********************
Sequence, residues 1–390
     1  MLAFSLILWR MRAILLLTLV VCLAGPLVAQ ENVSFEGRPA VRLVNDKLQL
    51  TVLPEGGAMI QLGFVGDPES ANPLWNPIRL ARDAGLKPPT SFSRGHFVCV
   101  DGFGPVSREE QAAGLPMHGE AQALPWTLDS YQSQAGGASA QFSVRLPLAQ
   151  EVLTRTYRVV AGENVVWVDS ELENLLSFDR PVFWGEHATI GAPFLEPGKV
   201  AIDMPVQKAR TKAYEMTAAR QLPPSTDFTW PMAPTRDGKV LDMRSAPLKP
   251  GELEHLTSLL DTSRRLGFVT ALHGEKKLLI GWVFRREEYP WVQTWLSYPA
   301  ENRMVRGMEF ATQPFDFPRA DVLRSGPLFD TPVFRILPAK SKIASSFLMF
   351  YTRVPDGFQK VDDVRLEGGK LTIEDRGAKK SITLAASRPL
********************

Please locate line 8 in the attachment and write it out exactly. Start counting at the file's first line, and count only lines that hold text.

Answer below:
   301  ENRMVRGMEF ATQPFDFPRA DVLRSGPLFD TPVFRILPAK SKIASSFLMF